Well, it’s time again for our irregular truth-in-advertising disclaimer. Here in the Way Back Studios, most of our sets are all vinyl; some of our sets are mostly vinyl, and none of our sets are vinyl free. And today’s batch of All Hand Mixed Vinyl is no exception to one of those clauses. Don’t get me wrong, if I had three or four turntables tied into the system I could do it all vinyl, but I don’t. So if you’ll concede my point that if things were different they wouldn’t be the way they are, we can get back to where we once belonged.
The set revolves around a prog rock classic from The Yes Album. “Perpetual Change.” Eight-minutes and fifty seconds of shifting time signatures, instrumental interludes, and false endings – in other words, an ideal environment for hand mixing. In the course of the set we carefully carve “Perpetual Change” into six parts, two of which are fake by the way because there are really only four parts in the song. See if you can tell which ones are replicants. The reason I can’t do this with just two turntables is that there’s a moment in the set where I’d have to get a record off the turntable, put another one, needle in the right place, and cued — in eleven seconds. And that happens three times. It’s a regular high-wire act. Somebody could get hurt, maybe put an eye out, so it’s not the sort of thing you want to try at home. A third turntable and a second copy of The Yes Album would make it easier, but instead, we’ll be playing some of the Yes and the Peter Gabriel off CD. I’m sure you understand.
The rest is pure vinyl. And mostly songs you know. The deepest track in the set comes from Captain Beyond’s Sufficiently Breathless album, a great song called “Drifting in Space.” We also snatch a bit from Emerson, Lake & Palmer’s adaptation of Alberto Ginastera’s first piano concerto from Brain Salad Surgery. Otherwise it’s Leon Russell, Led Zeppelin, and post-Genesis Peter Gabriel. Big time.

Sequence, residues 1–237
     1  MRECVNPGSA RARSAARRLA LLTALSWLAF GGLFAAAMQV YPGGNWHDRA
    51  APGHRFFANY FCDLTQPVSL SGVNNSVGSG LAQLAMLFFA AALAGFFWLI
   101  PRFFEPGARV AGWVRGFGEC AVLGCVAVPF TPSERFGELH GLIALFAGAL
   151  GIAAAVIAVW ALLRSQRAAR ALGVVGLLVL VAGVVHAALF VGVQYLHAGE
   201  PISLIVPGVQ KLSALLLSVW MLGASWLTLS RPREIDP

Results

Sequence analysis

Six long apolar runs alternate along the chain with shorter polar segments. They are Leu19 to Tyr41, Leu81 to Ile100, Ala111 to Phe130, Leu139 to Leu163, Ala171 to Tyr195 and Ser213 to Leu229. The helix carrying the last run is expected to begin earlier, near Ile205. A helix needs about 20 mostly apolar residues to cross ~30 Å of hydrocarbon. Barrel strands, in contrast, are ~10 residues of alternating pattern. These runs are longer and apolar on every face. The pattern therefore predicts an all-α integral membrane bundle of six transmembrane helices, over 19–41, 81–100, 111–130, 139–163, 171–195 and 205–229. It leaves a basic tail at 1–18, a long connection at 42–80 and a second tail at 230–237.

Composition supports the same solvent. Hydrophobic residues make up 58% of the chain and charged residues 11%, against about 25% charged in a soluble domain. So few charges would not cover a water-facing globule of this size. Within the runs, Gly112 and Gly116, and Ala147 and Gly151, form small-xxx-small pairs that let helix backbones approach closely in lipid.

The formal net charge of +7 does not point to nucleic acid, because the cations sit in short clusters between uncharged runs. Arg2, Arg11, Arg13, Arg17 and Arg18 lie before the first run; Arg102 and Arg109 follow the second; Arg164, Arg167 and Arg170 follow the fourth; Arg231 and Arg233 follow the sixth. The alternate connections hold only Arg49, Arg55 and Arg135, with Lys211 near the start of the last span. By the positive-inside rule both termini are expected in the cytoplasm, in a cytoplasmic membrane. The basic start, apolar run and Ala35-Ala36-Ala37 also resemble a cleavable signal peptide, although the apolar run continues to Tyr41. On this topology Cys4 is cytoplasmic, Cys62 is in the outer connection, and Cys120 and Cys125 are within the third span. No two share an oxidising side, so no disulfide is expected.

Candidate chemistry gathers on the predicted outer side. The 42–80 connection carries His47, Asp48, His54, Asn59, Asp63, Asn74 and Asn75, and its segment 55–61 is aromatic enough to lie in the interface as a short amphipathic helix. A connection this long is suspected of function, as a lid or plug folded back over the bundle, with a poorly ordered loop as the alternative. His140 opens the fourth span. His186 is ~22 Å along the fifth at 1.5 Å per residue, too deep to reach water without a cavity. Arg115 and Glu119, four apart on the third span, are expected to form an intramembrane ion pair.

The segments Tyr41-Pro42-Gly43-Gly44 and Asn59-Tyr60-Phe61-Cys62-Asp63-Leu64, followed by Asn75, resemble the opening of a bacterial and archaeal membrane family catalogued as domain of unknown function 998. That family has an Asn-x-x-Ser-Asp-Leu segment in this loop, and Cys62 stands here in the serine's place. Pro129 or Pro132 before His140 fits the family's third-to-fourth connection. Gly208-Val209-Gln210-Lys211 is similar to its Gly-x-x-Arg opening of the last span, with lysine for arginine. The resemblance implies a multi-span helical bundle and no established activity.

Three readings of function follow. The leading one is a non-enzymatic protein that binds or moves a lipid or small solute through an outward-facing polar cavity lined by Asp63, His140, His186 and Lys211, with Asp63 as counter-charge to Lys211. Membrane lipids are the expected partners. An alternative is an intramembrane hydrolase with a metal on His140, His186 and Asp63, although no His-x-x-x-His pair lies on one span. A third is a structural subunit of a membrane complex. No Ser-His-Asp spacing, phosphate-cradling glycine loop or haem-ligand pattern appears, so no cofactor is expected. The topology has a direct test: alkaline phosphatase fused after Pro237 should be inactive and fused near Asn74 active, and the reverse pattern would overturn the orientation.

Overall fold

|Yes||Perpetual Change (part 1)|
|Leon Russell||Will o’ the Wisp / Little Hideaway|
|Emerson, Lake and Palmer||Tocata (excerpt)|
|Yes||Perpetual Change (part 2)|
|Captain Beyond||Drifting in Space|
|Yes||Perpetual Change (part 3)|
|Led Zeppelin||Dancin’ Days|
|Yes||Perpetual Change (part 4)|
|Peter Gabriel||Big Time|
|Yes||Perpetual Change (part 5)|
|Elton John||Theme From a Non-existent TV Series|
|Yes||Perpetual Change (part 6)|
There you go again, saying we’ve got the moon and the stars, when all you really see is near disaster gazing down on you and me. Yes that was released in February 1971, The Yes Album, the first one with Steve Howe on guitar instead of Peter Banks. We took “Perpetual Change” and broke it into six parts even though there are really only four. In fact we could have done it all day long just by repeating that drum part near the end and inserting a different song every time you expect Bill Bruford’s drums to kick back in. But to keep it under thirty minutes, this time we inserted Peter Gabriel’s ode to conspicuous consumption “Big Time” from his 1986 album of mass appeal, So? Before that, Elton John’s brief “Theme From an Non-existent TV Series,” which was preceded by a lion standing alone with a tadpole in a jar, in other words, “Dancin’ Days” are here again. And in the middle of the set, a nice bit of progressive jazz rock from Captain Beyond, a song called “Drifting in Space.”
In the first half of the set, about four minutes into “Perpetual Change” Steve Howe slips into a decidedly jazz guitar moment that segues nicely into Leon Russell’s instrumental “Will o’ the Wisp” which then segues on it’s own into “Little Hideaway.” At the end of that, when someone starts knocking on the door, we answered with a small serving of Brain Salad Surgery, specifically an excerpt from “Tocatta” – Emerson, Lake, and Palmer’s adaptation of the fourth movement of Alberto Ginastera’s first piano concerto. The story goes that Ginastera’s manager hated their rendition and wasn’t going to give permission to use it, but the Argentinean composer himself said he thought Keith Emerson had captured the essence of his composition and that sealed the deal. Well we love a happy ending here in The Way Back Studios and we’ve reached one. I’m Bill Fitzhugh, thanks for tuning in. I’ll be back next time with a fresh batch of All Hand Mixed Vinyl right here in the Deep Tracks.